Getting References to the Widgets

Once the layout is inflated, you can get references to the individual widgets so that you can interact with them programmatically. To do so, you use class Activity’s findViewById method. This method takes an int constant representing a specific view’s Id and returns a reference to the view. The name of each view’s R.id constant is determined by the component’s Id property that you specified when designing the GUI. For example, amountEditText’s constant is R.id.amountEditText.

Lines 39–42 obtain references to the TextViews that we change programmatically in the app. Line 39 obtains a reference to the amountTextView that’s updated when the user enters the bill amount. Line 40 obtains a reference to the percentTextView that’s updated when the user changes the tip percentage. Lines 41–42 obtain references to the TextViews where the calculated tip and total are displayed.

Displaying Initial Values in the TextView

Lines 43–44 set tipTextView’s and totalTextView’s text to 0 in a locale-specific currency format by calling the currencyFormat object’s format method. The text in each of these TextViews will change as the user enters the bill amount.

Registering the Event Listeners

Lines 47–49 get the amountEditText and call its addTextChangedListener method to register the TextWatcher object that responds to events generated when the user changes the EditText’s contents. We define this listener (Fig. 3.18) as an anonymous-inner-class object and assign it to the amountEditTextWatcher instance variable. Though we could have defined the anonymous inner class in place of amountEditTextWatcher in line 49, we chose to define it later in the class so that the code is easier to read.

Lines 52–53 get a reference to the percentSeekBar. Line 54 calls the SeekBar’s setOnSeekBarChangeListener method to register the OnSeekBarChangeListener object that responds to events generated when the user moves the SeekBar’s thumb. Figure 3.17 defines this listener as an anonymous-inner-class object that’s assigned to the instance variable seekBarListener.

Note Regarding Android 6 Data Binding

Android now has a Data Binding support library that you can use with Android apps targeting Android 2.1 (API level 7) and higher. You now can include in your layout XML files data-binding expressions that manipulate Java objects and dynamically update data in your apps’ user interfaces.

In addition, each layout XML file that contains views with ids has a corresponding autogenerated class. For each view with an id, the class has a public final instance variable referencing that view. You can create an instance of this “Binding” class to replace all calls to findViewById, which can greatly simplify your onCreate methods in Activity and Fragment classes with complex user interfaces. Each instance variable’s name is the id specified in the layout for the corresponding view. The “Binding” class’s name is based on the layout’s name—for activity_main.xml, the class name is ActivityMainBinding.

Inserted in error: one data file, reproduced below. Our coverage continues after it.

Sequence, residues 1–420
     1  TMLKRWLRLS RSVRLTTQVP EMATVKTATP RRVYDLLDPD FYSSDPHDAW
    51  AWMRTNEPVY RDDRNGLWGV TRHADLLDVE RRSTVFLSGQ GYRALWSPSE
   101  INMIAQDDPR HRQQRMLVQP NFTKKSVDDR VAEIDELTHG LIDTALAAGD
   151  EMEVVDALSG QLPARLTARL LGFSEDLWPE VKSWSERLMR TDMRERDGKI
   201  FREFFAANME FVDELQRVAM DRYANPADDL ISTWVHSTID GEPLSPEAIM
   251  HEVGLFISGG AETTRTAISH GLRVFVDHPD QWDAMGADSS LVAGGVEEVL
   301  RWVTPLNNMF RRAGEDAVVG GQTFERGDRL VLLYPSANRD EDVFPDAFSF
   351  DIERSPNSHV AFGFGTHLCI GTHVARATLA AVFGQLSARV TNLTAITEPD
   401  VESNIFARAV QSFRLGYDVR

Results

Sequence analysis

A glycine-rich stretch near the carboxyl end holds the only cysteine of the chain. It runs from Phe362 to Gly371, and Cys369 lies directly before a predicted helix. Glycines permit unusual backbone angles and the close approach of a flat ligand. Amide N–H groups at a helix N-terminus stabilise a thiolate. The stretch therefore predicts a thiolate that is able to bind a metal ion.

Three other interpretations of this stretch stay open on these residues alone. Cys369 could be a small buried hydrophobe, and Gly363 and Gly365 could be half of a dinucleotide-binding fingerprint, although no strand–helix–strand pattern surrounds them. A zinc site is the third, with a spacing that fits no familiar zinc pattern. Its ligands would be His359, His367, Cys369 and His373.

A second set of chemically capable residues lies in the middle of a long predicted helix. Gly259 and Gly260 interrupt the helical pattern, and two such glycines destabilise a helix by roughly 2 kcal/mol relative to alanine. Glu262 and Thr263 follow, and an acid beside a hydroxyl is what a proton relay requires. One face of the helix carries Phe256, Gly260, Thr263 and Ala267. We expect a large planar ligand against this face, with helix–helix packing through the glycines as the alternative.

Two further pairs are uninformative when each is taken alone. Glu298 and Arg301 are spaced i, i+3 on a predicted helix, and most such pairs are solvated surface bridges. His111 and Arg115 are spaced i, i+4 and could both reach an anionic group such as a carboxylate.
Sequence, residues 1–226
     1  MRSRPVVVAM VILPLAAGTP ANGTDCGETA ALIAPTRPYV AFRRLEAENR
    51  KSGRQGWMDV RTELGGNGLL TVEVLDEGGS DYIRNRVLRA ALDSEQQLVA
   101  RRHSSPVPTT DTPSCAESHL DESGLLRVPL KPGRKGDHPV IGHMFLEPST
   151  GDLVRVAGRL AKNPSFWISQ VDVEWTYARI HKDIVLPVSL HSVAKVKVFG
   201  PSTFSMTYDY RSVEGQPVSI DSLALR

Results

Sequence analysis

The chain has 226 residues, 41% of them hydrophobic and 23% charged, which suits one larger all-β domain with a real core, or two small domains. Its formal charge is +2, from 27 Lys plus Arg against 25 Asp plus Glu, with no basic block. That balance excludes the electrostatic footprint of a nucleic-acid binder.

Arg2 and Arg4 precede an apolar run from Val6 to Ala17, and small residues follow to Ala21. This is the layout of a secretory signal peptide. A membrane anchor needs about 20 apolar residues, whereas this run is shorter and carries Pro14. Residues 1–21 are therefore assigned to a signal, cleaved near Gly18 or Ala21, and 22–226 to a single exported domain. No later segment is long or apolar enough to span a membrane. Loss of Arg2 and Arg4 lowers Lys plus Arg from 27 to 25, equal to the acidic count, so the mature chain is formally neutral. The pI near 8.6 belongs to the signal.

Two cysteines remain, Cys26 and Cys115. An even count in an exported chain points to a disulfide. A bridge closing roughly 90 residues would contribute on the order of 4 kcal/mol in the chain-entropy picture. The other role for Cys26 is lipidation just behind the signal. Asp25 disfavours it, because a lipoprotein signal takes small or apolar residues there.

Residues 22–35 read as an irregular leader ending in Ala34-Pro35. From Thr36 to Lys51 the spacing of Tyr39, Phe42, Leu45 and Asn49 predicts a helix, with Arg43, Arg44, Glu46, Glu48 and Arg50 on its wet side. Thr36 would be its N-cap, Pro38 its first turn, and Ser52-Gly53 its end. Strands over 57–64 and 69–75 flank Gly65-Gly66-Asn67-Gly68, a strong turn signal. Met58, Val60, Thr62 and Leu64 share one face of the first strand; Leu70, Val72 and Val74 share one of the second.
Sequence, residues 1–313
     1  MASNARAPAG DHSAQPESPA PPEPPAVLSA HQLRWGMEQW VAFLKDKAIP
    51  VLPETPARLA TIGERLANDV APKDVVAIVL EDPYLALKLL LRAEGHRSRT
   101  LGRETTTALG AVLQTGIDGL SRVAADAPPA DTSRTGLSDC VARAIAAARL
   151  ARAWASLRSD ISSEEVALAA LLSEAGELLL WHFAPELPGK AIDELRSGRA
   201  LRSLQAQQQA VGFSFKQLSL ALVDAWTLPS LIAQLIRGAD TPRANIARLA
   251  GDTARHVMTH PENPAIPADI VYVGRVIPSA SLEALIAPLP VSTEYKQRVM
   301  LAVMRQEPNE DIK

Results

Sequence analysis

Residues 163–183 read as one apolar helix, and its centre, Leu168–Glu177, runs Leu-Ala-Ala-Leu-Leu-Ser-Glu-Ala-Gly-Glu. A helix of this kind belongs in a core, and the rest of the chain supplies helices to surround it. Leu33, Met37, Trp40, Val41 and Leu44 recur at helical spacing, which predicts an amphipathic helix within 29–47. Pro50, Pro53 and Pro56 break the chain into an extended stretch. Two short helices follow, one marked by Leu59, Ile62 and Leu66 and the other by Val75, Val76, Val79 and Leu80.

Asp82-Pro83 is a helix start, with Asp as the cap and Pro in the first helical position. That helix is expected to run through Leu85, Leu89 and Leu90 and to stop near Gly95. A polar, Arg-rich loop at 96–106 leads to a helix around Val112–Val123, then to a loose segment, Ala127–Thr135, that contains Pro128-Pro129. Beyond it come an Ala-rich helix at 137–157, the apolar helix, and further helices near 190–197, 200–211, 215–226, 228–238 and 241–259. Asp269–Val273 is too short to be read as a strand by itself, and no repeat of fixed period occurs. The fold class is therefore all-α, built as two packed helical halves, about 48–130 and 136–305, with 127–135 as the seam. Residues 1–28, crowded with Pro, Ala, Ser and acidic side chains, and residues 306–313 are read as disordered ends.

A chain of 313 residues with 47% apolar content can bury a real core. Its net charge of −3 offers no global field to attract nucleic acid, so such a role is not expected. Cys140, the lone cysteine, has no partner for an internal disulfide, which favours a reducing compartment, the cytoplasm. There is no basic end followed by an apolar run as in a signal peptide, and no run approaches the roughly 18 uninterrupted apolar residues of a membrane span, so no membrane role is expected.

At the time of this writing, the Data Binding library is an early beta release that’s subject to substantial changes, both in the syntax of data-binding expressions and in the Android Studio tool support. You can learn more about Android data binding at

    https://developer.android.com/tools/data-binding/guide.html    

3.6.5 MainActivity Method calculate

Method calculate (Fig. 3.16) is called by the EditText’s and SeekBar’s listeners to update the tip and total TextViews each time the user changes the bill amount. Line 60 displays the tip percentage in the percentTextView. Lines 63–64 calculate the tip and total, based on the billAmount. Lines 67–68 display the amounts in currency format.

Fig. 3.16 | MainActivity Method calculate.

57   // calculate and display tip and total amounts
58   private void calculate() {
59      // format percent and display in percentTextView
60      percentTextView.setText(percentFormat.format(percent));
61
62      // calculate the tip and total
63      double tip = billAmount * percent;
64      double total = billAmount + tip;
65
66      // display tip and total formatted as currency
67      tipTextView.setText(currencyFormat.format(tip));
68      totalTextView.setText(currencyFormat.format(total));
69   }
70

3.6.6 Anonymous Inner Class That Implements Interface OnSeekBarChangeListener

Lines 72–87 (Fig. 3.17) create the anonymous-inner-class object that responds to percentSeekBar’s events. The object is assigned to the instance variable seekBarListener. Line 54 (Fig. 3.15) registered seekBarListener as percentSeekBar’s OnSeekBarChangeListener event-handling object. For clarity, we define all but the simplest event-handling objects in this manner so that we do not clutter the onCreate method with this code.

Fig. 3.17 | Anonymous inner class that implements interface OnSeekBarChangeListener.

71     // listener object for the SeekBar's progress changed events
72     private final OnSeekBarChangeListener seekBarListener =
73        new OnSeekBarChangeListener() {